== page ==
to make something shoot would this work:

Vector2 bullet

Vector2 player

Bullet = Player;

if(GamePad.GetState(PlayerIndex.One).Button.A == ButtonState.Pressed)

Bullet.X += 5;

if not could you post some code taht would

Re: XNA Game Studio Express Shooting

Richard Kain

Yes, and no. You have the basic idea down, but your structure is somewhat lacking. For instance, your code for updating the bullet's position would only run once as it stands now. So your bullet would travel 5 coordinates to the right, and then it would stop. Setting the bullet position equal to the player position is the correct way to place the bullet initially. But you need the bullet to update constantly, not just once.

A better way to handle this would be to make the bullet an object, and the player an object. Give the player object a position property that will store its current coordinates. Put the code for creating the bullet inside the player object. Make the bullet object's constuctor method take two float variables. When you call the bullet object in the player object, pass it the player object's current position, and use this to create the bullet object with the same position. Then create an UpdateBullet method within the bullet object. Put the code to change the bullet's position in this method. Then call the UpdateBullet method in whatever Update method you make for the player object. Now go back to your Game1 file, and create a player object in the Initialize method. Then call the PlayerUpdate method in the Game1.Update method, and the PlayerDraw method in the Game1.Draw method. Now you have an object-oriented player who will shoot bullets that continue to travel.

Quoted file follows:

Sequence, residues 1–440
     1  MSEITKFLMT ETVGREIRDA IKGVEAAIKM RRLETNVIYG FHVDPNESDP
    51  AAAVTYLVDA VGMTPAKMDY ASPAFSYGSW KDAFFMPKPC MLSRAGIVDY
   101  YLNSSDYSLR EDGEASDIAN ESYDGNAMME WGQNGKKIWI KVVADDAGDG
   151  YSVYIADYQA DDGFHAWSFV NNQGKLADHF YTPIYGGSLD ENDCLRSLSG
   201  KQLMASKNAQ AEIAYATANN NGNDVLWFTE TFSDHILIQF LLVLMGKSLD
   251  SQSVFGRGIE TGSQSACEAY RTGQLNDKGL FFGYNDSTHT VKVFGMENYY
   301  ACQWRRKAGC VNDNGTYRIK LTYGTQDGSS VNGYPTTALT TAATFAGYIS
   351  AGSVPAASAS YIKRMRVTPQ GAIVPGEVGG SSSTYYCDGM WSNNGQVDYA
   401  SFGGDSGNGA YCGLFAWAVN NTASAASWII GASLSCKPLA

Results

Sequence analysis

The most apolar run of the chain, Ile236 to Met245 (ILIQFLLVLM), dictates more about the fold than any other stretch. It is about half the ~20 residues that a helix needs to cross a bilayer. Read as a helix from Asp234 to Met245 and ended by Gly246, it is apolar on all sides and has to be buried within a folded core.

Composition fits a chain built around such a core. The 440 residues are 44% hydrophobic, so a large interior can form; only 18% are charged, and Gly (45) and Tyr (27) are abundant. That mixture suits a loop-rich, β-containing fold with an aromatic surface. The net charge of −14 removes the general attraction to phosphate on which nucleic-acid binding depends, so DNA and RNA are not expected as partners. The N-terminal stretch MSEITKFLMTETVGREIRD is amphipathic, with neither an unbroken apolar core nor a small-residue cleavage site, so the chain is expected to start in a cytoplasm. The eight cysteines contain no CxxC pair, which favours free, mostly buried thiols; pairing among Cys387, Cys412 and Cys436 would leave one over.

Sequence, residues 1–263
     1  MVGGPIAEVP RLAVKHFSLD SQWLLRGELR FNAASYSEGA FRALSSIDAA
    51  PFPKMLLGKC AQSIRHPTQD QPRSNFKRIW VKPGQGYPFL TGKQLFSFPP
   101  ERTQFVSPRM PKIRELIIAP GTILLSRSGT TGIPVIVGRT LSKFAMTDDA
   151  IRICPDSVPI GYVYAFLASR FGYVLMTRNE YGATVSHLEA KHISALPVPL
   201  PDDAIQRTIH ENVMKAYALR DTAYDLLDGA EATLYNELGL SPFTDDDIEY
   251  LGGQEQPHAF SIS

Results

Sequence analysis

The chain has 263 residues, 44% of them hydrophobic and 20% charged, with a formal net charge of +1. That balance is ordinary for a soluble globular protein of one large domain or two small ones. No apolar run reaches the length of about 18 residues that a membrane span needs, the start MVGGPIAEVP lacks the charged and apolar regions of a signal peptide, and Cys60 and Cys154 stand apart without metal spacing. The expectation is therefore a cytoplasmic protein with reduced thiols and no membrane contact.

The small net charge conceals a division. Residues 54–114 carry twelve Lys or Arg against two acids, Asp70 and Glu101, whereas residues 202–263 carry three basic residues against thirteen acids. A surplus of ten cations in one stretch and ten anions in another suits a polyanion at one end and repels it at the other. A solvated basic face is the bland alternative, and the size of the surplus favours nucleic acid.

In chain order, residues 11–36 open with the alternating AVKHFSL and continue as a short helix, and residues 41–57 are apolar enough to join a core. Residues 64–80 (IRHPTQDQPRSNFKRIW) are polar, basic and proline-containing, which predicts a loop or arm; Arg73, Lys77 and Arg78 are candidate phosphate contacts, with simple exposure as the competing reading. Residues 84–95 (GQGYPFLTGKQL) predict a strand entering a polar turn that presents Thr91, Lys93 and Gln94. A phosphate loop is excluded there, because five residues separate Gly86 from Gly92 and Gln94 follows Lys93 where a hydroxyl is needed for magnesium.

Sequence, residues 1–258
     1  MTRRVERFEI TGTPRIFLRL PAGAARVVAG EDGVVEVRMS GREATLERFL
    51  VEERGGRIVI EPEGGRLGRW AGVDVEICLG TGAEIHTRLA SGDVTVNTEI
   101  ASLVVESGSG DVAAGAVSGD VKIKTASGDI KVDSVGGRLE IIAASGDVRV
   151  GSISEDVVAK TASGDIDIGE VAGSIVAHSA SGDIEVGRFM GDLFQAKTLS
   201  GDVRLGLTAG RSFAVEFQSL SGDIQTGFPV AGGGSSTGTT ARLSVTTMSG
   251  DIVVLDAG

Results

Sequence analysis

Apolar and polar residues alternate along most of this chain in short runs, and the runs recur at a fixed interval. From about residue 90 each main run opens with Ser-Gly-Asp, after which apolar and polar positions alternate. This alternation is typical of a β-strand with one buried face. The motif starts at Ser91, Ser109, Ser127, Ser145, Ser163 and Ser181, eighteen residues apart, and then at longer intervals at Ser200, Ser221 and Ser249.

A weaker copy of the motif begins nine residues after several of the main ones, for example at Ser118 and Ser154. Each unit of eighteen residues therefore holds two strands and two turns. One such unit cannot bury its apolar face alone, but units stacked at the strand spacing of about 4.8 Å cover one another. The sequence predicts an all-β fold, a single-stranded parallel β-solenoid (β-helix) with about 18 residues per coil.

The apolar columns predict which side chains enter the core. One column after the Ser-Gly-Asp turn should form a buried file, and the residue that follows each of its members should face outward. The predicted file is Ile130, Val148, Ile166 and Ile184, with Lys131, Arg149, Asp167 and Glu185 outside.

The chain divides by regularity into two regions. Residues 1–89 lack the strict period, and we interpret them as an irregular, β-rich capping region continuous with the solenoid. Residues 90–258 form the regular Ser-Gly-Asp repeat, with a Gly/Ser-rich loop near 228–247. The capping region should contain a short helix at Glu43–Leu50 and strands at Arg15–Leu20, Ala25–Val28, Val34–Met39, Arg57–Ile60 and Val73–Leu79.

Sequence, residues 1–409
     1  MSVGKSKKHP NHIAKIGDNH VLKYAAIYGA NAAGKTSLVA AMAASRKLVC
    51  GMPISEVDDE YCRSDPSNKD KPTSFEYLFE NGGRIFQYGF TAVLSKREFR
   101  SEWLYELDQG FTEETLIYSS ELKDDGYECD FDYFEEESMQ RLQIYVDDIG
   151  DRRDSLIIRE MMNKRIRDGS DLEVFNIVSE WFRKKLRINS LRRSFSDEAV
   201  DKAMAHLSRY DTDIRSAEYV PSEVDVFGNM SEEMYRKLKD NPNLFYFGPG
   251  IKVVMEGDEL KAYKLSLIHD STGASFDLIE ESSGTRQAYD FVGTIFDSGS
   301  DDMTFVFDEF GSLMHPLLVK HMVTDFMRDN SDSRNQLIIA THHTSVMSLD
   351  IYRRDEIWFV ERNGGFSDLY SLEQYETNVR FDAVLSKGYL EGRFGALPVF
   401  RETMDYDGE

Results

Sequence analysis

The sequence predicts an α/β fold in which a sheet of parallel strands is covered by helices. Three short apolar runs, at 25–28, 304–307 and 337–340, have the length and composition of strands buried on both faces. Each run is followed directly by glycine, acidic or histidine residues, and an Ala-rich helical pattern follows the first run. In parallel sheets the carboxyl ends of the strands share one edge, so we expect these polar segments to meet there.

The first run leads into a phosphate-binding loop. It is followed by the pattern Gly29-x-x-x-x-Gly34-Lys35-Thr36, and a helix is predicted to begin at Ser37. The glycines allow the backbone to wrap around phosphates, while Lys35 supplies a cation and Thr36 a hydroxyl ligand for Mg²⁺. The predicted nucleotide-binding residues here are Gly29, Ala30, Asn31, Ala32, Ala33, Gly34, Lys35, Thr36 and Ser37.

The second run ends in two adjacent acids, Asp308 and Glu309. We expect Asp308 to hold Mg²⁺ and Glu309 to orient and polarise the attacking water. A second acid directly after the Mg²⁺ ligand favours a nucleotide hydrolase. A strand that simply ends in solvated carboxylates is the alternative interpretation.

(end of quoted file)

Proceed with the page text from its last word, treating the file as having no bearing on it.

Also, in order to save on processing power, it would be a good idea to create a BulletManager. This would most likely be an object or method that would create a set number of bullets, and handle passing them to the player object. That way you won't keep creating and destroying bullet objects. For instance, when a bullet object is fired, you don't create it, you just have it become visible, and start moving. When its traveled a certain distance (aka, when you are sure its off the screen) you just make it invisible, and reset its position to the player's current position. Basically, you would just keep recycling the same bullet objects over and over again. With most games, how fast the player is able to fire determine's how many player bullets can be on the screen at any given time. Make your maximum number of bullets three or four more than this number, just in case.